Hotel rates will continue to decline while airfares will increase slightly in 2010. That was the projection from American Express’ 2010 Global Business Travel Forecast, which was released on September 30.
The study, produced by eXpert insights, a new research practice of American Express Business Travel’s Global Advisory Services, also predicts that budgets for events and conferences—which have been notoriously tight in 2009—will begin to loosen slightly in 2010 and possibly even increase 1 percent to 2 percent for North American and Latin American companies. In addition, formal oversight of meeting planning and meetings spend will become increasingly critical to companies in the coming year, and virtual technologies will play a pivotal role in a company’s meeting strategy, according to Amex.
While hotel rates will continue to drop—1 percent to 4 percent for mid-range hotels, and 3 percent to 6 percent for upper-range properties—airfares are expected to climb in 2010. The forecast estimates that domestic and short-haul economy airfares will increase by 2 percent to 7 percent, while international and long-haul business class fares will rise by 3 percent to 8 percent for U.S. travelers.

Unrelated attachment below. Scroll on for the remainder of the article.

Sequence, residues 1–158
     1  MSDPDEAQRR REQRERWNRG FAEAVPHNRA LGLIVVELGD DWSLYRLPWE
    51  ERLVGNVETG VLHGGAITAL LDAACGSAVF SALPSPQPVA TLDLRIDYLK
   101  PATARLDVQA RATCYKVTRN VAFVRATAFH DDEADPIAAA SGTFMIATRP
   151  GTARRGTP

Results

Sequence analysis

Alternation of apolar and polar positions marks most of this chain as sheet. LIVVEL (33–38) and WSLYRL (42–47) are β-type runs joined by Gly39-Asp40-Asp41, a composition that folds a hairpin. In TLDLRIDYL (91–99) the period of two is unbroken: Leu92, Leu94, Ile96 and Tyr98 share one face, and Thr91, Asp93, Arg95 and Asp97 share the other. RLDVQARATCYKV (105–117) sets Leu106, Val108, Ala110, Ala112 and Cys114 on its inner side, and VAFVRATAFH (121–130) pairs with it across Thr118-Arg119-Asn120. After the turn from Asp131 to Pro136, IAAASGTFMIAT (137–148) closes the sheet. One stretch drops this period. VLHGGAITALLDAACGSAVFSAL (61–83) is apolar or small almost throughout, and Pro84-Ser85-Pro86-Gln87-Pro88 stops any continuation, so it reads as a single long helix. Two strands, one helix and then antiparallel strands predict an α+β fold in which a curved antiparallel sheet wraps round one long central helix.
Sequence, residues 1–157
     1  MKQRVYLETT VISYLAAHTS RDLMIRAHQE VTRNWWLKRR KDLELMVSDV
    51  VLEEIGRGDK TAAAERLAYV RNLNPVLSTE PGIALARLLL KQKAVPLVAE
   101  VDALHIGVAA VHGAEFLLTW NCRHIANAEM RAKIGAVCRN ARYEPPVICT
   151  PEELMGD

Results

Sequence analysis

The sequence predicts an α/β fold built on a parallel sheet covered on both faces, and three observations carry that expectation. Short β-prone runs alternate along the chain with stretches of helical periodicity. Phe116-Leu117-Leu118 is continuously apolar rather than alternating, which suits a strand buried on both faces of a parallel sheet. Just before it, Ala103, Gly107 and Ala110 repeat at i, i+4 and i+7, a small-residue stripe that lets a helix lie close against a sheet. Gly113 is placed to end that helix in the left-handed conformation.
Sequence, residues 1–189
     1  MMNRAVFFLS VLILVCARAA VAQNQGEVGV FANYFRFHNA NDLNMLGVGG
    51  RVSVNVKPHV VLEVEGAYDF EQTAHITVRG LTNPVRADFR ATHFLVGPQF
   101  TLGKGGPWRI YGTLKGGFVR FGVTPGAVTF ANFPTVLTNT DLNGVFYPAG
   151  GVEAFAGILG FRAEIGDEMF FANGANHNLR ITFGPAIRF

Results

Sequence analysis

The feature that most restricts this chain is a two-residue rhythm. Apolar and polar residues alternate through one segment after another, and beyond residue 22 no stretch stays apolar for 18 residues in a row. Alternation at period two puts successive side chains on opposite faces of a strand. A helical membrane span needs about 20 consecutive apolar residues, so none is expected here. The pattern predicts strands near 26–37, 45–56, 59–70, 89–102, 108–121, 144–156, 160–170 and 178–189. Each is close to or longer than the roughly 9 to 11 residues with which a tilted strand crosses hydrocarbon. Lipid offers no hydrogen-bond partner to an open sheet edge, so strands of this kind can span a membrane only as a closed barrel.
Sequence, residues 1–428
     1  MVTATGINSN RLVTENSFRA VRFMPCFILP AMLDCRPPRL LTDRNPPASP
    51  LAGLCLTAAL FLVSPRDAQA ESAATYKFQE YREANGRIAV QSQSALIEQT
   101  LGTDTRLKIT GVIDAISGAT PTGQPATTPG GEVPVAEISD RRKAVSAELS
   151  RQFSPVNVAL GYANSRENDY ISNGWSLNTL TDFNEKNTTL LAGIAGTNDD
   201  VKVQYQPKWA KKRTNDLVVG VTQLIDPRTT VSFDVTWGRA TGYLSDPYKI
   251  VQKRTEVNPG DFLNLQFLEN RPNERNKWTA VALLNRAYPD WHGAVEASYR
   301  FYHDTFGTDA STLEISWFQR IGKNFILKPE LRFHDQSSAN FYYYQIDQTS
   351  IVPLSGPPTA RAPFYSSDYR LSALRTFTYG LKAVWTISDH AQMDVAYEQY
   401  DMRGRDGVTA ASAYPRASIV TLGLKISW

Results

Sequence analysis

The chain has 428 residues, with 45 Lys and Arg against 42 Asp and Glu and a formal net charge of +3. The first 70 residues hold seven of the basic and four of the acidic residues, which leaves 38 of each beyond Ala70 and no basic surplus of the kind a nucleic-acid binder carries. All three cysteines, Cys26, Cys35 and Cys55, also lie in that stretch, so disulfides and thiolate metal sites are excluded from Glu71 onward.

Although 2009 was marked by travel cutbacks, Amex expects the pent-up demand for business travel and meetings to be unleashed in 2010. Overall, business travel costs are expected to remain fairly stable next year for domestic trips, while the cost of international travel is expected to rise by 3.5 percent, or $117 per trip.
“However, as unbundled and ancillary fees continue to add to the cost of trips, businesses should expect to add up to an estimated 15 percent to the total trip cost for air, hotel, and ground-transport elements alone,” said Hervé Sedky, vice president and general manager, AEBT.
Sedky also expects the recession to result in a long-term shift in travel buyers’ attitudes. “Companies will remain smarter buyers when it comes to travel. They will look at [business travel] less as a cost, and more as an investment,” he said.
Now is the time for companies to make improvements to their business-travel policies that will last long after the market recovers, noted Frank Schnur, vice president, Global Advisory Services for Amex. “It’s about making changes to your [business travel] policies now … when employees are receptive to the current economic conditions. Get them to travel smarter, for the right reasons, for the right prices, and in the right way.”